Litany of the Saints
From time to time, I get to hang out with a wild and crazy gang of fisheries biologists. They speak a different language as they discuss subjects like turbidity, effluent limitations, and Secchi depth.
When I first heard that last term, Secchi depth, I had to look it up. Secchi depth, sometimes called Secchi disk depth, is a measure of water clarity. It is determined by use of a device called a Secchi disk.
A Secchi disk is a circular plate divided into quarters painted alternately black and white. The disk is attached to a rope and lowered into the water until it is no longer visible. Secchi disk depth, then, is a measure of water clarity. Higher Secchi readings mean more rope was let out before the disk disappeared from sight and indicates clearer water. Lower readings indicate turbid or colored water. Clear water lets light penetrate more deeply into the lake than does murky water. This light allows photosynthesis to occur and oxygen to be produced. The rule of thumb is that light can penetrate to a depth of 1.7 times the Secchi disk depth.
Upon further investigation, I learned that the Secchi disk was invented in 1865 by a Catholic priest, Father Pietro Angelo Secchi. Although it has been improved upon a number of times, Fr. Secchi’s basic design remains in place today.
My discovery of Father Secchi led to an interest in other Catholic scientists. And indeed, history provides many outstanding examples. The list is so long that I’ve pared it down to five exemplary individuals.
Father Gregor Mendel (1822-1884)
Gregor Mendel, baptized as Johann Mendel, is universally acknowledged to be the father of modern genetics. He was born in what is now the Czech Republic. His family was German. He began studying for the priesthood in 1843 at the Abbey of St Thomas, an Augustinian institution. Before entering the abbey, Mendel had worked his family’s farm. He also studied physics and philosophy at Brno (then the principal city of Moravia; now in the Czech Republic).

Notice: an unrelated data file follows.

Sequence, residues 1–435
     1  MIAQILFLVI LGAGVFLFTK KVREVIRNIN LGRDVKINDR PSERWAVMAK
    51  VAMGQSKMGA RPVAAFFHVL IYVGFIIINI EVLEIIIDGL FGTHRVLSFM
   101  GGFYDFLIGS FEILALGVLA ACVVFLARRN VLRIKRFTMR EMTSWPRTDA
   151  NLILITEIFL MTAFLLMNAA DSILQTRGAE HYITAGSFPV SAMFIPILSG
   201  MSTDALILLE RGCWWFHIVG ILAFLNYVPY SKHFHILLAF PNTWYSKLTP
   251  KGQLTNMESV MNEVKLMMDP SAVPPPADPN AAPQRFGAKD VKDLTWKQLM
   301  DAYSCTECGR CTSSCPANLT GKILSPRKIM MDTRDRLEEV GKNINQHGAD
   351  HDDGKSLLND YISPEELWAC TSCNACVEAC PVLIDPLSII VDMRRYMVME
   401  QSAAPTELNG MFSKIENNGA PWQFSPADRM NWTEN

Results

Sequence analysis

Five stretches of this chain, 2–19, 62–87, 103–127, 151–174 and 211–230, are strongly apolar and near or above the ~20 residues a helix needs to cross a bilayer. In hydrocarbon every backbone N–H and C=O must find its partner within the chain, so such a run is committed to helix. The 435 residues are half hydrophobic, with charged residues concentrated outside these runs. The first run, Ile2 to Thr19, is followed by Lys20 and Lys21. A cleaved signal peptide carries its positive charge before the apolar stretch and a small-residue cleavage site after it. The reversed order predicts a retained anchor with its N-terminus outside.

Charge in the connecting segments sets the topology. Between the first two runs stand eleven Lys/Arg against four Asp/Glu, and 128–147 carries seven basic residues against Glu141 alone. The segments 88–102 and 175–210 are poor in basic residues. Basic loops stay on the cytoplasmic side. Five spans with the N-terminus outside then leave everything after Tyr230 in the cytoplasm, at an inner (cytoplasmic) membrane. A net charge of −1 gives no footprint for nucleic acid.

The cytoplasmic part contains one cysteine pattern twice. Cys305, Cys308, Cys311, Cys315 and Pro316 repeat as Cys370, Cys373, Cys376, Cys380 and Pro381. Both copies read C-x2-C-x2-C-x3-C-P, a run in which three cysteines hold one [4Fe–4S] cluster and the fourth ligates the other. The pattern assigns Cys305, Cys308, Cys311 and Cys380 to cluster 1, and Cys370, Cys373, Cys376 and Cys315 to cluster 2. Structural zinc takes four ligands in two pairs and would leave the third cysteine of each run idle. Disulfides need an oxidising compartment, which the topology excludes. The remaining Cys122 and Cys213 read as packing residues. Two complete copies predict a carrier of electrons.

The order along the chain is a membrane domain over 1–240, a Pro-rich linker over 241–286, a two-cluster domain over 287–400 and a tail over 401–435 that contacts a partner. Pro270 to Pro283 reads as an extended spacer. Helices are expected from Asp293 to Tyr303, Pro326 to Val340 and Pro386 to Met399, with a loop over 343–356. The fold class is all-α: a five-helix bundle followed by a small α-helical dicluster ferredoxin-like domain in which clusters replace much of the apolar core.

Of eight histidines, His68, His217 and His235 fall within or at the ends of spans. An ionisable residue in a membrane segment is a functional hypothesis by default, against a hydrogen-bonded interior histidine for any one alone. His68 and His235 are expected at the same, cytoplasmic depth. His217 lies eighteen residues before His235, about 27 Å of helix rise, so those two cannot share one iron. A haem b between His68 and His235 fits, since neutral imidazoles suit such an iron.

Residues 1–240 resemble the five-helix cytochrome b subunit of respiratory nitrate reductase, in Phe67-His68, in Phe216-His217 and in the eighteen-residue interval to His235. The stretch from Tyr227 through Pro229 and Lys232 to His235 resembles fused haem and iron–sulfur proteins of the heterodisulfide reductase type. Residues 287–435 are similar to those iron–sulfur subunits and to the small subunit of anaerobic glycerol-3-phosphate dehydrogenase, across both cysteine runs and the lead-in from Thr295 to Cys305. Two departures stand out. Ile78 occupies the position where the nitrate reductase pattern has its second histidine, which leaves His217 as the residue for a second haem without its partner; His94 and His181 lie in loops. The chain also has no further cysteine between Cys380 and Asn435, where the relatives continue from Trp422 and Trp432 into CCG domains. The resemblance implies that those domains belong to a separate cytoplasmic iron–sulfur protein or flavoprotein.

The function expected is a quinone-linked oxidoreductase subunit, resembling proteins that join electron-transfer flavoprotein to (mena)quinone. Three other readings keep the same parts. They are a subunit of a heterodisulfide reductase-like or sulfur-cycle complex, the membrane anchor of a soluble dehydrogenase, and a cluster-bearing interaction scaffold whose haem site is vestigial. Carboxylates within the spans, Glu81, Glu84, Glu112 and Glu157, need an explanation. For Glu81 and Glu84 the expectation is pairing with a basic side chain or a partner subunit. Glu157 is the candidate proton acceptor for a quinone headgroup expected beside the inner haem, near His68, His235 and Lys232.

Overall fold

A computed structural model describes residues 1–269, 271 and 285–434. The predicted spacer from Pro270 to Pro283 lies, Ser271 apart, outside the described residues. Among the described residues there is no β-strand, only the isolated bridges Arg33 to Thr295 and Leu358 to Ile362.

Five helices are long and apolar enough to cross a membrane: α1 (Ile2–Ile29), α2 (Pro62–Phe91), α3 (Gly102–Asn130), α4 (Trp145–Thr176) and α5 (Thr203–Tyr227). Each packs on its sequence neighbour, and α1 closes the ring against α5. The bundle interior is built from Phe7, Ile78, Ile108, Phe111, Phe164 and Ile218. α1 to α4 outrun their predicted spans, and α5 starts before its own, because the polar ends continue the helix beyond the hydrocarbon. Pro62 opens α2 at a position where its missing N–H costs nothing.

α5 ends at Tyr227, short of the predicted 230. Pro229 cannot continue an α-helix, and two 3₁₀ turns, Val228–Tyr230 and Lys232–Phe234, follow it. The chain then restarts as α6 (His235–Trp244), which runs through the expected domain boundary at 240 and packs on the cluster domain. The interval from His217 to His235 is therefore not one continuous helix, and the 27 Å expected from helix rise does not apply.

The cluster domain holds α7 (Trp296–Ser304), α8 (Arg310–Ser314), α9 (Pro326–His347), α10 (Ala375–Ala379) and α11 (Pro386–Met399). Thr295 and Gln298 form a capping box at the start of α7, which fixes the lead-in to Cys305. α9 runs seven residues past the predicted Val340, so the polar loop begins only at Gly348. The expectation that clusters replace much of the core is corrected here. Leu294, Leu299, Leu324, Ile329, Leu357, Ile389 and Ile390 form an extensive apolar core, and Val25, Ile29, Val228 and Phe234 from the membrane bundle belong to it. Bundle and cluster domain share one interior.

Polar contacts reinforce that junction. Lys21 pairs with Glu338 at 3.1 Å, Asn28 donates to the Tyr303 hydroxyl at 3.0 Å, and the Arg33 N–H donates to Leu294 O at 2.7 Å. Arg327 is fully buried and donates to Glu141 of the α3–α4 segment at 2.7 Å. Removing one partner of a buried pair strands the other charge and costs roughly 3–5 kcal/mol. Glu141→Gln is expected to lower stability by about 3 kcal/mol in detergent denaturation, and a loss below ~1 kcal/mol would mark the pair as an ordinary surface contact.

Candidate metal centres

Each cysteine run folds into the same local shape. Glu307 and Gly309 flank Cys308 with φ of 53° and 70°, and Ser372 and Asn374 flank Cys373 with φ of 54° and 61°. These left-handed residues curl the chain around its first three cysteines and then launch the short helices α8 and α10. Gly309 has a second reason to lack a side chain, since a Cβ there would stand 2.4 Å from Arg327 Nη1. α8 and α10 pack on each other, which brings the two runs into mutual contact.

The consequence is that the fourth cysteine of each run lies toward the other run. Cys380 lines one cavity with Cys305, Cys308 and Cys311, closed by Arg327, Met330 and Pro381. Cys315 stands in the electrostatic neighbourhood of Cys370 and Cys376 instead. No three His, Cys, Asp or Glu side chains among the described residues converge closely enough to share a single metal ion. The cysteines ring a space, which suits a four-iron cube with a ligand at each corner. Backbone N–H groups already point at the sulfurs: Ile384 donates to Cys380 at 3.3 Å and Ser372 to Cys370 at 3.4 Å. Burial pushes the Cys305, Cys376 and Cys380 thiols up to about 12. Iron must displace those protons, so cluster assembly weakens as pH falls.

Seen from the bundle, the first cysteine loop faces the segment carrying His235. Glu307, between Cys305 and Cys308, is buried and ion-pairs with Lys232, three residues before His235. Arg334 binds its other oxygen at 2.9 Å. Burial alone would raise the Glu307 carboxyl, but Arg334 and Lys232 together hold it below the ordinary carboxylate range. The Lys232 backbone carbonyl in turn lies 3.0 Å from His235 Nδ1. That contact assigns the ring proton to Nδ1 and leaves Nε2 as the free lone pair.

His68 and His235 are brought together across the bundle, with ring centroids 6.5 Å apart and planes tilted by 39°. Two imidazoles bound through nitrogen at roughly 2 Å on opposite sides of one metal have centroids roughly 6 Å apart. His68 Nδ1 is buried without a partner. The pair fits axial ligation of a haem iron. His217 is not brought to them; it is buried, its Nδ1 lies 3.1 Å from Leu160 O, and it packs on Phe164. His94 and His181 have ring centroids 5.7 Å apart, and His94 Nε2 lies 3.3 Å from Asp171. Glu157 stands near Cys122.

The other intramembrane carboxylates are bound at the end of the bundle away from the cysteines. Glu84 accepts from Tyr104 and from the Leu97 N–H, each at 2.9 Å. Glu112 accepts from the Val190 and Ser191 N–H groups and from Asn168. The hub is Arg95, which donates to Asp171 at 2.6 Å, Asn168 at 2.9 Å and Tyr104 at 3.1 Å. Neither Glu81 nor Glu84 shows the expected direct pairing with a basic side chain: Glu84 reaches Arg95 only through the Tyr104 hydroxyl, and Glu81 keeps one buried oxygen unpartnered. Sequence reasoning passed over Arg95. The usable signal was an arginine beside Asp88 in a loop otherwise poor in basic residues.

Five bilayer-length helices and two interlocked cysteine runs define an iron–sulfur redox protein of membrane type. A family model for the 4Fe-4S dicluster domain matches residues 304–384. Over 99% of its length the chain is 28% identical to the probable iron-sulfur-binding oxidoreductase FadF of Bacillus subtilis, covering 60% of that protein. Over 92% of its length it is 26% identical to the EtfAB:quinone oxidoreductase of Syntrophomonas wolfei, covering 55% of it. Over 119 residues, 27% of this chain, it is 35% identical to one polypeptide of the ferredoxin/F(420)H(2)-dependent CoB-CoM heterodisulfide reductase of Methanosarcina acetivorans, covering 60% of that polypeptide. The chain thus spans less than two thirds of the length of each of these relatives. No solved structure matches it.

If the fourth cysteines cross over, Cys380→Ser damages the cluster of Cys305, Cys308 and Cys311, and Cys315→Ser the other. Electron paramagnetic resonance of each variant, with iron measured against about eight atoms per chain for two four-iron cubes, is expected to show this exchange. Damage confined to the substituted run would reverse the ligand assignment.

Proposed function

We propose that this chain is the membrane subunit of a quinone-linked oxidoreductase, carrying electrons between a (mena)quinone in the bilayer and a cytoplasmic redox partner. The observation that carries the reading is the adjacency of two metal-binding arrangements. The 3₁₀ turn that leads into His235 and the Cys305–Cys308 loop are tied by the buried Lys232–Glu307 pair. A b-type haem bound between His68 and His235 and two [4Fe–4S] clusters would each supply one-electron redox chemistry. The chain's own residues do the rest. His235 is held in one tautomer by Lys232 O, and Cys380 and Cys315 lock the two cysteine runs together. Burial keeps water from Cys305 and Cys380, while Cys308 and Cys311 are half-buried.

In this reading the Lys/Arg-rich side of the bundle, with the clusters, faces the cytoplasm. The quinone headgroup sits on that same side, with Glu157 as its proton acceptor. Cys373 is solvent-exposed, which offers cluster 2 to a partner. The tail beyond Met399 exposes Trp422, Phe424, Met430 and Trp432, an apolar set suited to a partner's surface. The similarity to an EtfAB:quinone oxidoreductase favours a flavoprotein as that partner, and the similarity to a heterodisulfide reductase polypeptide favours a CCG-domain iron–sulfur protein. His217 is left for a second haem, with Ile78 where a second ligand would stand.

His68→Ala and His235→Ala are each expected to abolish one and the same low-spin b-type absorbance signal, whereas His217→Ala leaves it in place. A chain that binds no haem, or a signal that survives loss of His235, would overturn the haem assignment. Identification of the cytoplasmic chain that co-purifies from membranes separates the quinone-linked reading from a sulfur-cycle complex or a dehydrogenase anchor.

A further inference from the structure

After eight years at the abbey, Mendel was sent to the University of Vienna for two years. At Vienna, his physics professor was another renowned scientist, Christian Doppler. When Mendel returned to the abbey, he became a professor of physics.
Mendel had also studied astronomy and meteorology. Most of his surviving academic writing concerns meteorology. But Mendel is best known for his paper, Experiments in Plant Hybridization.
Mendel’s magnum opus was based on his study of variations in peas which had been planted at the abbey. He also studied honeybees, with which he had been familiar since his childhood experience on the family farm. From his experiments, Mendel derived two Laws of Inheritance. The first, the Law of Segregation, states that each individual has a gene or genetic locus for individual traits such as hair color, eye color, etc. Each parent also contributes a gene to the offspring. The gene that becomes dominant will control the nature of the trait.
The second law, the Law of Independent Assessment states that any particular gene is passed from parent to off-spring independently from another gene for a different trait.
Mendel’s work was not widely understood during his lifetime. It wasn’t until the early part of the twentieth century that scientists embraced Mendel’s genetic theories. Today, Fr. Mendel’s work is the basis from which all modern genetic science proceeds.
Father Jean Picard (1620-1682)
Fr. Picard was a Jesuit mathematician, astronomer, and hydrologist. Born to a large family in La Fleche, France, he later attended the Jesuit College Royal Henry-le-Grand. In 1644, he moved to Paris, where he began assisting a math professor named Pierre Gassendi. Together Picard and Gassendi observed numerous lunar eclipses. After Gassendi’s death, Picard became Professor of Astronomy at College de France in Paris.